When developing these relationships, be sure you go out of your way to volunteer to help other lawyers. Offer up a good idea that has worked well for you on a case, even if the lawyer is a friendly competitor of yours. Often lawyers are proprietary about their practice knowledge and are afraid that releasing their information will help out their competitor. If it is truly a great idea, the other lawyer will remember your helpfulness and will find ways to reciprocate. And if your suggestion was not such a great idea, you will at least get points for the effort, and you will not have lost anything.

Talking shop is a good idea not only with other lawyers, but with your clients as well. Talk to your business clients about what is going on in their industries and what they are doing about it. This will put you on the lookout for ways you can help them with their changing legal needs. You also may find that the business lessons your clients have learned will help you run your practice.

CLE: Participate, Don’t Just Attend

Lawyers who believe that they are staying on top of their practice simply by attending mandatory CLE each year are fooling themselves. As we all know, mandatory CLE too often has an air of high school detention, and too often it ends up just as productive. But CLE can become an important part of staying on top of your game.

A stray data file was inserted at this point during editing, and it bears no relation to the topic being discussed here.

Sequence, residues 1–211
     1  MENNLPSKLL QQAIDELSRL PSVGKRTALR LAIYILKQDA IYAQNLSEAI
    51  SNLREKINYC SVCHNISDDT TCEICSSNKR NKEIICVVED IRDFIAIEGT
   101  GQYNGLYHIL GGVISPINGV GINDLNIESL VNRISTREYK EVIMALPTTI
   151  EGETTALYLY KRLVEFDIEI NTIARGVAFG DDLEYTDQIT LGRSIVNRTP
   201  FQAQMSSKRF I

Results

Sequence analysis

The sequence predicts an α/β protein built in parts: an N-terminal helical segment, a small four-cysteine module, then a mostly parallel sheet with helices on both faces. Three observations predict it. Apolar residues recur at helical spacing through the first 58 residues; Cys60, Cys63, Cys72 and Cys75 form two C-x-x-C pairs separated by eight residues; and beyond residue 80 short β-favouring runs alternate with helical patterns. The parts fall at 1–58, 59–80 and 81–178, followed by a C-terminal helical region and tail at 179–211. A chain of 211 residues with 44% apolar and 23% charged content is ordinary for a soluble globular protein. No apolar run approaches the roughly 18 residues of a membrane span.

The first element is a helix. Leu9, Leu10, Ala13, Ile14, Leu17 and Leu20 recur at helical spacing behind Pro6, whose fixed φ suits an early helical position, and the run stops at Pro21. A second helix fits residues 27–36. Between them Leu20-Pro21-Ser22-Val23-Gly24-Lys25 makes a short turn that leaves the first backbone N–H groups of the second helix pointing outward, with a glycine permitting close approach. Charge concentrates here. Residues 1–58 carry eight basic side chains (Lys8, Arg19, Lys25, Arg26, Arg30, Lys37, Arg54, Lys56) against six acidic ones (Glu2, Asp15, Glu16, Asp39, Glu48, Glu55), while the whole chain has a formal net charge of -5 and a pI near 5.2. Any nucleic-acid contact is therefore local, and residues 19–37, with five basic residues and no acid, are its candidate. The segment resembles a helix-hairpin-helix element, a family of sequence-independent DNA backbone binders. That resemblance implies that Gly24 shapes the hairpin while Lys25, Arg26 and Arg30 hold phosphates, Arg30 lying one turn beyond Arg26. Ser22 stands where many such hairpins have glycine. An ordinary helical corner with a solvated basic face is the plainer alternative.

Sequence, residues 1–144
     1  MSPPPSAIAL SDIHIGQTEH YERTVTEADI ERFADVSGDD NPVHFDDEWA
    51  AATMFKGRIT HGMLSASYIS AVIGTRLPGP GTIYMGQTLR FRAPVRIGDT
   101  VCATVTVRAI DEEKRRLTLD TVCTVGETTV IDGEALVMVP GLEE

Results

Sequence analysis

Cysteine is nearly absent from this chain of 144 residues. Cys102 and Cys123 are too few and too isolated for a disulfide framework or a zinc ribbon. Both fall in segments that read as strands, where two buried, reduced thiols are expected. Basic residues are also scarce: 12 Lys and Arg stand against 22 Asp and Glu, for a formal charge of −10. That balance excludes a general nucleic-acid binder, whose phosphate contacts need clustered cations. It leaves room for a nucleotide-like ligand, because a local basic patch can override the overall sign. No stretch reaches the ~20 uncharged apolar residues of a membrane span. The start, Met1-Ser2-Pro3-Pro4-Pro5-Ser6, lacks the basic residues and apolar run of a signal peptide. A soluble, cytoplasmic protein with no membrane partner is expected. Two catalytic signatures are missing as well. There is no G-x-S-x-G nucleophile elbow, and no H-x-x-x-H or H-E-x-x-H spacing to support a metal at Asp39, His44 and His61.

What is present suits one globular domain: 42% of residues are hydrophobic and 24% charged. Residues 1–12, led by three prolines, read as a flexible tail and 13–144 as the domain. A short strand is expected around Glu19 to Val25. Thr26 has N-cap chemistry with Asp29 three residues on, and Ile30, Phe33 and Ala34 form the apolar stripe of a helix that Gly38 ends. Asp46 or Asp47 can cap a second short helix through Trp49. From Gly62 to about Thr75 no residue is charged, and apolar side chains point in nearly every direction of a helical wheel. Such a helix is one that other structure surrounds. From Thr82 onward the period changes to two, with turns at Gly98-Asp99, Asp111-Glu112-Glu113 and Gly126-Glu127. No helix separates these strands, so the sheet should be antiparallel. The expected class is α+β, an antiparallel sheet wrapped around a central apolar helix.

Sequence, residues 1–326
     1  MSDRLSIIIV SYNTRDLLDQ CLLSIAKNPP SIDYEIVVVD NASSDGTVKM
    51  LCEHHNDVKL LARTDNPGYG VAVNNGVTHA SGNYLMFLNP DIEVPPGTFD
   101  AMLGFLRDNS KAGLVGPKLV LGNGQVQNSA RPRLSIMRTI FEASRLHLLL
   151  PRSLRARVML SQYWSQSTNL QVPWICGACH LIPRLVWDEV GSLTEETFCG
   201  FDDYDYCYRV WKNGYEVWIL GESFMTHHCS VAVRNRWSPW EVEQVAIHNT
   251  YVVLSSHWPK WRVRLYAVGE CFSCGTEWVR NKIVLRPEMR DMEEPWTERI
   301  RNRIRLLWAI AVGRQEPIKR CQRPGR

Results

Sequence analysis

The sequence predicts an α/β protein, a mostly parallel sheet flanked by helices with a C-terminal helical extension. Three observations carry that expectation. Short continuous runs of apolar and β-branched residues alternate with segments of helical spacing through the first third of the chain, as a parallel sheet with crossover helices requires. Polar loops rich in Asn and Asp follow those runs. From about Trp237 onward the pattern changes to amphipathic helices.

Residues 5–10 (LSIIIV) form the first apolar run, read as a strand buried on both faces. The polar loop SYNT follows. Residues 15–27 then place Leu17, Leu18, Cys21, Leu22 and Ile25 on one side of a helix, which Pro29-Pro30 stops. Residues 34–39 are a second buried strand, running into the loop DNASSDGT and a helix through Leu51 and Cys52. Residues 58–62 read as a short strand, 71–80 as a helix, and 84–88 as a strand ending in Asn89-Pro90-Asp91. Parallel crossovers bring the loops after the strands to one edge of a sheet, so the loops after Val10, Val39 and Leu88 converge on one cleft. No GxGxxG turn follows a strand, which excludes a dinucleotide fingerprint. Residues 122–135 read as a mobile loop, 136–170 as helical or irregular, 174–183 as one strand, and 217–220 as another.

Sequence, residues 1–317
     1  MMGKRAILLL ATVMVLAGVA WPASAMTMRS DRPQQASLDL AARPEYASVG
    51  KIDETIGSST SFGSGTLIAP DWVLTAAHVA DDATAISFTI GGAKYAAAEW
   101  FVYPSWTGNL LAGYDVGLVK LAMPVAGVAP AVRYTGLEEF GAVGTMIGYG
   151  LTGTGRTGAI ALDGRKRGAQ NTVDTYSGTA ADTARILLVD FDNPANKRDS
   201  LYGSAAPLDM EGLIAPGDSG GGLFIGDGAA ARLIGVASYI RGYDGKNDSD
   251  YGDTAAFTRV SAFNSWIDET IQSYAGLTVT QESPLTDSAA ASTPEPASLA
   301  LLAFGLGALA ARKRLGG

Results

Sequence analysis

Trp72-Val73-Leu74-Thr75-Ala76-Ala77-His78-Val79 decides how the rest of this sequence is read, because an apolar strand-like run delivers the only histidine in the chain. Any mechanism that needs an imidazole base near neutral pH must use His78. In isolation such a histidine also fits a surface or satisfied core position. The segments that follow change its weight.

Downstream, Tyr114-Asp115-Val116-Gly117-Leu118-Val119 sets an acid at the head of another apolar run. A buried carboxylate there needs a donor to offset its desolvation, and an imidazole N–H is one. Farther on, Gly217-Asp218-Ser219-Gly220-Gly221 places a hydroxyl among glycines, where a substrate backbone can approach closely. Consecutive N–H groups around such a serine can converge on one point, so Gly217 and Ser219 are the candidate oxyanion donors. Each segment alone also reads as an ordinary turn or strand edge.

CLE provides excellent opportunities for precisely the type of lawyer-to-lawyer networking discussed above. This is particularly true for out-of-town programs and programs that draw lawyers with whom you otherwise wouldn’t interact. You may not learn much in a half-hour session on the rule against perpetuities, but speaking with other lawyers at the CLE may help you learn how to run your practice better, give you substantive input on a practice area, or provide a contact for the future. When you attend a CLE program, look for chances to talk one on one with other lawyers about their practices.

Even better than attending a CLE program is presenting at a CLE program. Speaking requires you to learn the subject matter and, perhaps most importantly, to update your knowledge of the practice area. It may seem unpleasant to have to spend the time preparing for a CLE presentation, but just as writing a brief forces you to develop your knowledge of that area of the law, speaking at a CLE program requires you to get up to speed on part of your practice. Additionally, clients and colleagues will assume that your speaking at a CLE program is proof that you are a lawyer at the top of your game.